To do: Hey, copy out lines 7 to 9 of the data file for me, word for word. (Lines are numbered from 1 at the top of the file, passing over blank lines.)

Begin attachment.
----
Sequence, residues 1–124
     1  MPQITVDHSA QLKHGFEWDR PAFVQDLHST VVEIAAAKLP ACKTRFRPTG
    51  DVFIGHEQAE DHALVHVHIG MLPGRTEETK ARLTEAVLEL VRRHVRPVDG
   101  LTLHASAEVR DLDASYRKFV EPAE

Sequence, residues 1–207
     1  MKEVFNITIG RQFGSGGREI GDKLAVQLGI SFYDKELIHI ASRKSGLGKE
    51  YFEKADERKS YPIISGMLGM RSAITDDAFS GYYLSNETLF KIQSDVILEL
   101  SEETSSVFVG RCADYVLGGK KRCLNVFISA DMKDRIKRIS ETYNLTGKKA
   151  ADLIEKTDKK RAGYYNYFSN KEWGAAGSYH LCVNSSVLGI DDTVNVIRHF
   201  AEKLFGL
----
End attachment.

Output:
    51  YFEKADERKS YPIISGMLGM RSAITDDAFS GYYLSNETLF KIQSDVILEL
   101  SEETSSVFVG RCADYVLGGK KRCLNVFISA DMKDRIKRIS ETYNLTGKKA
   151  ADLIEKTDKK RAGYYNYFSN KEWGAAGSYH LCVNSSVLGI DDTVNVIRHF